How can you #stayathome if you don’t have a home?
The Refugee Camps Amidst the COVID-19 Pandemic
By Sara Santos, Public Health Committee 2019-2020
The COVID-19 pandemic has greatly affected the lives of many; it has quickly become a global health crisis. On the 9th of June, 2020, the WHO reported a total of 7, 039, 918 confirmed COVID-19 cases and 404, 396 people have lost their lives. To combat the spread of this highly contagious infection, countries all over the world have imposed mandatory confinement measures including social distancing and quarantine. This poses the question, “As a refugee, how can you practise social distancing when you live in a camp?”
According to the UNHCR, 71 million people have been forced to flee their homes due to conflicts or persecution; among them are nearly 25.9 million refugees. Many are placed in camps in host countries which have been conceived as temporary transition places. In reality, they have very much been the permanent living space for many refugees.
These camps have very precarious conditions and inadequate living arrangements; they are generally very overcrowded. Social distancing and self-isolation measures are therefore very difficult to implement, making these populations at greater risk of contracting the virus rapidly.
In addition, these camps have poor sanitation conditions. Most of them have limited basic amenities such as clean, running water and soap, making the crucial hand hygiene practice another struggle that further deters the efforts of breaking the chain of transmission. Another challenge is the lack of information. The differences in culture, religion, and language between refugees and host communities can be vast, bringing many barriers to health communication and trust in healthcare professionals. It is vital to involve and educate the communities by translating and adapting the information so that it is clearly understood by all. Misinformation and fear can spread as fast as the virus itself.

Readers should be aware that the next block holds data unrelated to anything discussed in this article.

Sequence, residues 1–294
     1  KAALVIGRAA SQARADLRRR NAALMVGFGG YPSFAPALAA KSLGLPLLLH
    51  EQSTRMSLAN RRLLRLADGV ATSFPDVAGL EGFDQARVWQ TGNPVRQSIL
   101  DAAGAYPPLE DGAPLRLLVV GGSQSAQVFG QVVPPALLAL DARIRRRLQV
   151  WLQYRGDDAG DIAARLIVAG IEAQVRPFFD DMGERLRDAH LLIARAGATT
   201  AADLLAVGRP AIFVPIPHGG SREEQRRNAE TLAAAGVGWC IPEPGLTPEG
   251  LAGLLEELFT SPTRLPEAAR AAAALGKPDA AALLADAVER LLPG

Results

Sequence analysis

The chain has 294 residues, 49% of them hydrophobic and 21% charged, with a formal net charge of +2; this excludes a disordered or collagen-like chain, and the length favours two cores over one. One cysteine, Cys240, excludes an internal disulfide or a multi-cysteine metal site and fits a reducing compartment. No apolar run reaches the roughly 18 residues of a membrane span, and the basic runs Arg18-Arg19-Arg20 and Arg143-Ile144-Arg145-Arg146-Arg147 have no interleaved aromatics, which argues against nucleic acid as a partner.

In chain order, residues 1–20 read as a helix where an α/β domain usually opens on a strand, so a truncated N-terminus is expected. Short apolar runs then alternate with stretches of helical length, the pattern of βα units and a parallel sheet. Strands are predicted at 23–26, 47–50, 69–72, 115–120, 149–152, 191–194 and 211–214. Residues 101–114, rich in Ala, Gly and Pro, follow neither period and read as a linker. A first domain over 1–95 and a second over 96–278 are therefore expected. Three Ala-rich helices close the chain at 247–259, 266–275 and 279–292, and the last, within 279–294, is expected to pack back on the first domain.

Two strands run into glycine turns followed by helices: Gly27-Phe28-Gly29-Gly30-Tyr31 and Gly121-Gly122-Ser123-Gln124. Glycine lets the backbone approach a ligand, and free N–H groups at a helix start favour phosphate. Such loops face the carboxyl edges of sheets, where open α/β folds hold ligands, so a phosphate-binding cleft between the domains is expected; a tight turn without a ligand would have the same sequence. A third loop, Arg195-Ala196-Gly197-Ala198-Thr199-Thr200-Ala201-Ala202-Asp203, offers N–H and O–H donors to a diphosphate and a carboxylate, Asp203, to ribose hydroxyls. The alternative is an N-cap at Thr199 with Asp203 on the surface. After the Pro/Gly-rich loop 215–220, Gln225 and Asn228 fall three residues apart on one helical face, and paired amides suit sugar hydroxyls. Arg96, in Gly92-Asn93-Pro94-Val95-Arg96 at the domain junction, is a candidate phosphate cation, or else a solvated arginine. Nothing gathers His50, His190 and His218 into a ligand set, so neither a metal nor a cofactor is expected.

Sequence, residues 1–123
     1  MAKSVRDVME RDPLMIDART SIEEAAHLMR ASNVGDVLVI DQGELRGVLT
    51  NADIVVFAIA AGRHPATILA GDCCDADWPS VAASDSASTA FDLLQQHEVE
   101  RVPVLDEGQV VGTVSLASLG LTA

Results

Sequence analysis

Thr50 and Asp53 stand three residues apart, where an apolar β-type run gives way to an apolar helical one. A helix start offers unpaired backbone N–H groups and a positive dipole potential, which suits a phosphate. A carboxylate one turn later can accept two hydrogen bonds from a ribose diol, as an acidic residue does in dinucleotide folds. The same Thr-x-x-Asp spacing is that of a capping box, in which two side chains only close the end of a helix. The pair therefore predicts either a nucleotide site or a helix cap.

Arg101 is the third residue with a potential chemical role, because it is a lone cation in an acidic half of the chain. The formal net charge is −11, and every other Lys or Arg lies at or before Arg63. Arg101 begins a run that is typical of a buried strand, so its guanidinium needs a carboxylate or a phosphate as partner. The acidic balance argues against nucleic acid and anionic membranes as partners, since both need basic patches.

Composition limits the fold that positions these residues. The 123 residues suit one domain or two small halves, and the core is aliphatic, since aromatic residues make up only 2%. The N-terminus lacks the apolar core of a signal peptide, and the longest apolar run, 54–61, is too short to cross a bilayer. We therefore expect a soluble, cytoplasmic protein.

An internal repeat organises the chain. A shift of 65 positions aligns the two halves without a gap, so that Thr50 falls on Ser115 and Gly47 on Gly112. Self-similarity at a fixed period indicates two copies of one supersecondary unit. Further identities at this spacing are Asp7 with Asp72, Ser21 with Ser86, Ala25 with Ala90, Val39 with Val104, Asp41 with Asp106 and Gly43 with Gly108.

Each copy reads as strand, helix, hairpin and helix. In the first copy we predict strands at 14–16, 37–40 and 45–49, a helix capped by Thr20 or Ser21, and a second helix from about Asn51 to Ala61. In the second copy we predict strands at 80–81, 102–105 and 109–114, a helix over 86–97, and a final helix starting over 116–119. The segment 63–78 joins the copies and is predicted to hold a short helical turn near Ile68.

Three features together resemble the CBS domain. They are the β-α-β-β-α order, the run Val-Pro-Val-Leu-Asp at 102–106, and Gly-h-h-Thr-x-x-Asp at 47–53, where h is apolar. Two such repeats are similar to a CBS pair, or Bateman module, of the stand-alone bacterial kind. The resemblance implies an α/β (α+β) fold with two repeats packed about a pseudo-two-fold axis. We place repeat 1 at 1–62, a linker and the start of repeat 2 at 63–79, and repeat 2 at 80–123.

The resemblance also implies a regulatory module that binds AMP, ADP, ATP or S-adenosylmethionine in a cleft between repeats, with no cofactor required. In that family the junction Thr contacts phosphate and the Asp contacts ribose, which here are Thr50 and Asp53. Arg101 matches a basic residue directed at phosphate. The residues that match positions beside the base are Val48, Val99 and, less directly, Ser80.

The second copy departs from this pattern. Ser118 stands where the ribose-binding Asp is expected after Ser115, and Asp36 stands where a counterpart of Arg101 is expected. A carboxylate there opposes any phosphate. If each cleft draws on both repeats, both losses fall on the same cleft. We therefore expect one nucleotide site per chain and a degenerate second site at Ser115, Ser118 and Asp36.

Furthermore, there is a clear lack of access to healthcare and support. The camps’ clinics have a shortage of health professionals and supplies such as the COVID diagnostic tests, making it more difficult to accomplish everyone’s necessities. This pandemic has also led to a decrease in the numbers of volunteers present in the camps due to lockdowns as well as increased financial needs.
The refugee camp situation has always presented many challenges, but in times of the COVID-19 crisis, these challenges have just gotten bigger and more difficult. Due to their vulnerable conditions, refugees are at a higher risk of spreading the virus and suffering greater health consequences. Hence, it is urgent that they are included and not forgotten in the government pandemic response plans and policies.